The More You Know, The Less They Grow!

Mosquito Joe Yard Sign is displayed on the front lawn of a Texas residence.Mosquito Joe of Andover-Peabody is proud to offer the most effective barrier treatments in the industry to rid your yard of mosquitoes, fleas, and ticks. However, we strive to provide our customers with the tools and knowledge they need to keep those pesky party-crashers out of their yards. To achieve this, we provide educational resources that will enable you to enjoy your outdoor spaces even more. So, whether you are a social butterfly who hosts many summer barbecues or want to provide an itch-free yard for your children and pets, these outdoor tips will help you get started!

Understanding the life cycle of outdoor pests such as mosquitoes is the first step in combating them.

Below is information on the typical life cycle of mosquitoes, ticks, and fleas, as well as how to get to them before they get to you.

Mosquito Joe Learning Center Mosquito IconThe Life Cycle of a Mosquito


  1. Female mosquitoes lay hundreds of eggs every few days directly on or near water during their lifetime. Water is needed for the eggs to hatch, which typically happens within 48 hours.
  2. The larvae will emerge once they hatch. Larvae are referred to as “rollers” because of how they appear while swimming; this is also known as the infant stage. Larvae live in the water and come to the surface to breathe, molting their skin four times and growing larger with each molt. The larvae become pupae after four stages of molting.
  3. Resting before they make their grand entrance, the pupae is considered the teenage stage of the life cycle and the non-feeding era. Pupae still live in the water and continue to swim around. They are lighter than water so they live at the surface, and must occasionally take oxygen through breathing tubes called, “trumpets.” During this stage, the adult mosquito begins to develop, which can take up to four days dependent upon the temperature of the water.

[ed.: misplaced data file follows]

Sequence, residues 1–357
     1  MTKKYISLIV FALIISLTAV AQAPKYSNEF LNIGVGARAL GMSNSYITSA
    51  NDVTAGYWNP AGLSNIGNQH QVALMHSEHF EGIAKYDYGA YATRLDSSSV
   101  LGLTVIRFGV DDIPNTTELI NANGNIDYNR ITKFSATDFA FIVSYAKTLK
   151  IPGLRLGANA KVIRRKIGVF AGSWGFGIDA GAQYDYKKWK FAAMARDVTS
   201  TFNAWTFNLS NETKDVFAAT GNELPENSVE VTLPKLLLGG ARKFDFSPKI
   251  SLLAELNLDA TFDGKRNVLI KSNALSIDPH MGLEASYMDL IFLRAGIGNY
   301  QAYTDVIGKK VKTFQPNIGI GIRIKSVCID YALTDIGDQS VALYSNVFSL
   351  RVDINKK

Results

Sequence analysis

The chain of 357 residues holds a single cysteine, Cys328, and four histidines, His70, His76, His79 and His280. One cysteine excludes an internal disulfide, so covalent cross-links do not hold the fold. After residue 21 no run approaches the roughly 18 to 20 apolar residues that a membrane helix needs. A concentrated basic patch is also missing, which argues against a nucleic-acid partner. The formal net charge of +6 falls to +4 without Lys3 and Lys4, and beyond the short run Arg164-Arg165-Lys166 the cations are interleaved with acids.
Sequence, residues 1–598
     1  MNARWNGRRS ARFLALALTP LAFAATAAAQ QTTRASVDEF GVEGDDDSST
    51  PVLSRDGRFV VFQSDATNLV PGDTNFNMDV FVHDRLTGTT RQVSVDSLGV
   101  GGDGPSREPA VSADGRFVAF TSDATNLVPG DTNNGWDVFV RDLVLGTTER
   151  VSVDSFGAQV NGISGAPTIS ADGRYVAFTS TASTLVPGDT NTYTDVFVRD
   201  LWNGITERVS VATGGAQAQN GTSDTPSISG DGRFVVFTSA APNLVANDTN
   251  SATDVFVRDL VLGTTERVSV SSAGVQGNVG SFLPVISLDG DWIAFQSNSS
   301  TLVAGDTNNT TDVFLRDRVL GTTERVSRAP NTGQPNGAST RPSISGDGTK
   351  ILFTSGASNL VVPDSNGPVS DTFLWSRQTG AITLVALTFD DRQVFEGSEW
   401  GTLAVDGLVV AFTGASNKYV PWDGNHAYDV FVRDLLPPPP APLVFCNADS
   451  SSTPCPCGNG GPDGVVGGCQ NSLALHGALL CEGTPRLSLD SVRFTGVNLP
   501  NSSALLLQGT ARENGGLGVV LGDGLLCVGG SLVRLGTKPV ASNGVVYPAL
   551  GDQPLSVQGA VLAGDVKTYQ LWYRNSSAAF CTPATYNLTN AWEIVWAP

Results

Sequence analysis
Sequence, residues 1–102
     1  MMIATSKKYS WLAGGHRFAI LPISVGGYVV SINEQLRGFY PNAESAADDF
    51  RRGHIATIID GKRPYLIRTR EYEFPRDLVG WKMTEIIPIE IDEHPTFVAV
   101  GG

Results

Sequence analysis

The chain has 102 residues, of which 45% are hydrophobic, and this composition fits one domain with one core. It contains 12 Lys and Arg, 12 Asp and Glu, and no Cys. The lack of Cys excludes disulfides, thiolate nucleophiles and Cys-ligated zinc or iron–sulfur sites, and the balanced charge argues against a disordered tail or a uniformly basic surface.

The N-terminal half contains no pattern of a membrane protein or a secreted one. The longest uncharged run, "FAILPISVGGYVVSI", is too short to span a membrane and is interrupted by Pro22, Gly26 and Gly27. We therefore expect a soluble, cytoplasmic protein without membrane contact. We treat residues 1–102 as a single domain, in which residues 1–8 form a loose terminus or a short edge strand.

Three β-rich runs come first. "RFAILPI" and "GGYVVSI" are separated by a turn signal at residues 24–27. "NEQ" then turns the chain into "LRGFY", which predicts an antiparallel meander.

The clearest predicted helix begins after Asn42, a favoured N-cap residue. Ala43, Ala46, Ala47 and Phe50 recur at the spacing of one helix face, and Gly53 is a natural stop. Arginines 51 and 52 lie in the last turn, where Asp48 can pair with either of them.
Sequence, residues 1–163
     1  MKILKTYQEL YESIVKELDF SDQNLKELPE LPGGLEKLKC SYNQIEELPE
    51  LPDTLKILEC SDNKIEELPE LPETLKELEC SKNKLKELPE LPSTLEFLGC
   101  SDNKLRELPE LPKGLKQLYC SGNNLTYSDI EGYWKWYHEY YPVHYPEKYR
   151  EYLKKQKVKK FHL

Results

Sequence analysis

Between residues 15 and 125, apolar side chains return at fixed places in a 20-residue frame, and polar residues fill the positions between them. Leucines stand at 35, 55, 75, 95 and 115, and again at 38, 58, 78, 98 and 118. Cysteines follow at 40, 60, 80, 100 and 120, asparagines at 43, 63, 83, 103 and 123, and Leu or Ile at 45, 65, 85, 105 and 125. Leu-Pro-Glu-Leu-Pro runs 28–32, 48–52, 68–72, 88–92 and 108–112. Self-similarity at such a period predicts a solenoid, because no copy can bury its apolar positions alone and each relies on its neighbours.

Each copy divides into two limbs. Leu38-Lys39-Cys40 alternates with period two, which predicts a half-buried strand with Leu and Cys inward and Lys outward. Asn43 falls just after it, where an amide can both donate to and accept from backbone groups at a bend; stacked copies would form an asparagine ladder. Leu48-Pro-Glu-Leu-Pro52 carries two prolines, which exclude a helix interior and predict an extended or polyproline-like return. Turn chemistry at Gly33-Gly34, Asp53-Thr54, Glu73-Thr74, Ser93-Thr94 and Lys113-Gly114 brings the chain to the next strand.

4. Adult mosquitoes will rest on the water with two concerns; mating and feeding. Once the body is completely dry and hardened, and the wings have fully opened, they are able to fly. Males locate females by the sound of their wings. Once they mate, males live three to five days and females live considerably longer, upwards of one to two months.

Learn how to combat mosquitoes here →

Green silhouette of a tickThe Life Cycle of a Tick


  1. There are four stages to a tick’s life cycle: egg, larvae, nymph, and adult, taking up to three years to fully develop. Throughout these years, most ticks feed on three different hosts.
  2. Upon hatching, they become larvae and the larvae feeds on the first host, which is typically a bird or a rodent, for several days before they detach and fall back on the ground.
  3. The larvae then transform into nymphs, which become active in the spring and begin to look for their second host – a rodent, pet or human and feed, repeating the process of detachment and molting.
  4. Once the tick enters the final stage of its life cycle, which occurs during the fall, both male and female ticks will look to feed on its third host, usually a rodent, deer, dog, cat, or human. Once the tick is well fed it detaches, falls to the ground and the males die. Female ticks, however, live through the winter and lay eggs in the spring before dying, completing the life cycle of a female tick.

Learn how to combat ticks here →

Mosquito Joe learning Center Flea IconThe Life Cycle of a Flea


  1. Fleas undergo 4 stages in their life cycle: eggs, larval, pupal and adult.
  2. They lay between four to eight eggs which fall to the ground and hatch within one to twelve days.
  3. The larval stage lasts from four to eighteen days, and then the flea will enter the pupal stage.
  4. The pupal stage can last anywhere from three days to one year.
  5. Once the flea emerges from the pupal stage they become adults, and begin searching for food. Fleas will likely become adults more rapidly when in warmer temperatures and high humidity.

Learn how to combat fleas here →

Mosquito Joe Learning Center Disease IconCommon Mosquito and Tick Diseases

Mosquito bites are unpleasant, leaving you itchy and irritated for days. However, mosquitoes and other biting insects can be more than just a nuisance; they can also be fatal. Disease cases transmitted by infected mosquitos, ticks, and fleas have tripled in the last 13 years, totaling more than 640,000 cases since 2004. Mosquito Joe of Andover-Peabody wants everyone to enjoy the outdoors no matter where they live or travel, so start educating yourself on these illnesses, where they are prevalent, and how you can protect yourself, your family, and pets from them.

Learn more about combating diseases here →